Last night I was offered a pound of blood sausage to predict that the Lakers will certainly win the NBA championship, but I refused. "That is too much like Washington politics," I said to the woman who offered the bribe. "Don't be coming around here with your vulgar crap about the Lakers. They are lame and weak and pitiful. Minnesota will beat them in five games."
It was a risky thing to say, but so what? I used to be a Lakers fan, but no more -- not since they went out and shot their wad on Karl Malone and Gary Payton. Indeed. There is something vaguely obscene about the sight of the Lakers in action, win or lose, and it ain't Kobe Bryant.
That is old-fashioned police reporter's gibberish. They all want desperately to believe that the Criminal Justice system in the mile-high state of Colorado has anything to do with justice. "Oh, no," they tell each other, during lunch breaks from whatever trial they happen to be covering that day. "Oh, no. You can take it from me, bro. The criminal justice machinery in Colorado is not corrupt. It is not a diseased petri dish for the experiments of the Denver Police Department."
Ah, but I am getting a little tired of arguing with brutish forces like the DPD, or any police department. I have done that pretty well in the pages of the current June issue of Vanity Fair magazine, which I strongly recommend to all readers, young or old, because it is the terrifying truth about what can happen to a city that turns its law enforcement system over to steroid-crazed brutes with badges. Read it and weep.
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The long-dreaded 2004 Olympics in Greece will be the ultimate crossroads for sports and politics in this new and vicious century. The recent photos of cruelty at the Abu Grahaib all-american prison in Baghdad have taken care of that.
Yes, sir. We have taken the bull by the horns on this one, sports fans. These horrifying digital snapshots of the American dream in action on foreign soil are worse than anything even I could have expected. I have been in this business a long time and I have seen many staggering things, but this one is over the line. Now I am really ashamed to carry an American passport.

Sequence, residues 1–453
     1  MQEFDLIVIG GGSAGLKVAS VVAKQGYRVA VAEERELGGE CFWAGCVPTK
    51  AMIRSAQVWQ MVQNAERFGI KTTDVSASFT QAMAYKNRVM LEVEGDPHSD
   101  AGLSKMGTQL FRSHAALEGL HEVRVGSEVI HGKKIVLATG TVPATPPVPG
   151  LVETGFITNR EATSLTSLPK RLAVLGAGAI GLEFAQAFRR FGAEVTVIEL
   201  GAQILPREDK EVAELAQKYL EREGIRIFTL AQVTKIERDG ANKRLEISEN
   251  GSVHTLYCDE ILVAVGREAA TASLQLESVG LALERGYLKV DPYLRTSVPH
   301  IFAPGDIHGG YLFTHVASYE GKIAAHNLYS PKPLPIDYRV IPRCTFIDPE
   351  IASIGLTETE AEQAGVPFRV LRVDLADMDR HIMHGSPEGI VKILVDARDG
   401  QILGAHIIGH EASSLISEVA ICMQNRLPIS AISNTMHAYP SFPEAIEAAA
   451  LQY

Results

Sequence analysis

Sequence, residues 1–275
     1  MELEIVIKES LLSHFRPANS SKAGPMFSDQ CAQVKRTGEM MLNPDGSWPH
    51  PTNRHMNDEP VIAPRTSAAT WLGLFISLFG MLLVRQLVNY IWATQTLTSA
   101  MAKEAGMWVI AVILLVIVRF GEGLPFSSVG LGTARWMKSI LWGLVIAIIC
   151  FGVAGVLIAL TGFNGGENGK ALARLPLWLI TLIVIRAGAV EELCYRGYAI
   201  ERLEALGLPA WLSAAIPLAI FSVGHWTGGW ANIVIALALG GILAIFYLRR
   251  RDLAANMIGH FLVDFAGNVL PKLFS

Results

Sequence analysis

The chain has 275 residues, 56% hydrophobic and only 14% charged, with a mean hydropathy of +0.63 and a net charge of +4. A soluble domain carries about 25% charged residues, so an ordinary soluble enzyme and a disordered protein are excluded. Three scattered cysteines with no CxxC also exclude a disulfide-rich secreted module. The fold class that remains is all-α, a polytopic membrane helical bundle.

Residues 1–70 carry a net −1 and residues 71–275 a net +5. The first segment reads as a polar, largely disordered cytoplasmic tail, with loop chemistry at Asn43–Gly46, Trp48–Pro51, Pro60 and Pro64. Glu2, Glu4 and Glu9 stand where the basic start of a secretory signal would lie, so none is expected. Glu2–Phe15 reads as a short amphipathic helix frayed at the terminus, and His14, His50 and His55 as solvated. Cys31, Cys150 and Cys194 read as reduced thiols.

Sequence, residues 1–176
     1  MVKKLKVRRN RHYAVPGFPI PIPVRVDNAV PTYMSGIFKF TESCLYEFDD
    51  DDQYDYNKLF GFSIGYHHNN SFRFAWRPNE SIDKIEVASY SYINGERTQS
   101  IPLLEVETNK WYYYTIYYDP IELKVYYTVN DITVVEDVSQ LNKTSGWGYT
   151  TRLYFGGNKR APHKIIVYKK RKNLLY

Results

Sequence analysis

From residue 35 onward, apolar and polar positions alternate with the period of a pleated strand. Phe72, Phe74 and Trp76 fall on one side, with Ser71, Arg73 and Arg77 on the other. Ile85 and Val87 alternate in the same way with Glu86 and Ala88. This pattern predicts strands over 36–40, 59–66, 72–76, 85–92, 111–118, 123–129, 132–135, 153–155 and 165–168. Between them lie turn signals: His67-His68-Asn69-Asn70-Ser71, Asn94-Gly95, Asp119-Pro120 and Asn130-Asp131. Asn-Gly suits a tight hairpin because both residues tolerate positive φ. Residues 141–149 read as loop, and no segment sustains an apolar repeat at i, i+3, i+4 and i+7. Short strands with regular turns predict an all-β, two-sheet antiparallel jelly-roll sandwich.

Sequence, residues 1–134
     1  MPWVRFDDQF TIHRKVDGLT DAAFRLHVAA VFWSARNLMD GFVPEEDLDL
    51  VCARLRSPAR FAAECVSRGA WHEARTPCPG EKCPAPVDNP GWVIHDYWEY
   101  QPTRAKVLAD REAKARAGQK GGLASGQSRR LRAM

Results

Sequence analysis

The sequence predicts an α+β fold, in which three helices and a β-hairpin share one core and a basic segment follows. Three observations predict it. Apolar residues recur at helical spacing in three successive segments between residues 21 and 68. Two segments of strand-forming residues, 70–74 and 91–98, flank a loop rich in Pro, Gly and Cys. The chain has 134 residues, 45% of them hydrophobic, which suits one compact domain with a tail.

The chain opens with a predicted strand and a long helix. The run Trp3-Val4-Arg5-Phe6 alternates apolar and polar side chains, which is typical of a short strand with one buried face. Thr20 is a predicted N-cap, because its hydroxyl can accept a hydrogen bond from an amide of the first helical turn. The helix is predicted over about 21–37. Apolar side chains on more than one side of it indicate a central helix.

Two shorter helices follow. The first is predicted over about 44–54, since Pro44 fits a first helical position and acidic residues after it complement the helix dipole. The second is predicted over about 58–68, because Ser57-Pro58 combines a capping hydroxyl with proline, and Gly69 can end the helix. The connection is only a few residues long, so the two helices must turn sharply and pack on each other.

And why would I want to go to Athens in the summer, anyway? Only a fool or a paid sportswriter would do a thing like that. ... Or a suicidal terrorist, eh?
You bet. There will be plenty of those in Greece when July rolls around. It will be like strolling up to a wasp's nest that some jackass just swatted with a sharp stick. Welcome to the birthplace of the world-wide Olympics, bubba. You'll like it here. Just get naked and prowl around the streets tonight. You will find friends everywhere.
Well, I don't know. That is a long way to go for a beating. Or to get your head chopped off on worldwide TV. Who needs it? Not me, old sport. I think I will hunker down out here in the high, bright mountains this summer, and watch the Olympics on TV. It may be slightly duller, but so what? It is the only game in town.
Dr. Hunter S. Thompson was born and raised in Louisville, Ky. His books include "Hell's Angels," "Fear and Loathing in Las Vegas," "Fear and Loathing: On the Campaign Trail '72," "The Great Shark Hunt," "The Curse of Lono," "Generation of Swine," "Songs of the Doomed," "Screwjack," "Better Than Sex," "The Proud Highway," "The Rum Diary," and "Fear and Loathing in America." His latest book, "Kingdom of Fear," has just been released. A regular contributor to various national and international publications, Thompson now lives in a fortified compound near Aspen, Colo. His column, "Hey, Rube," appears regularly on Page 2.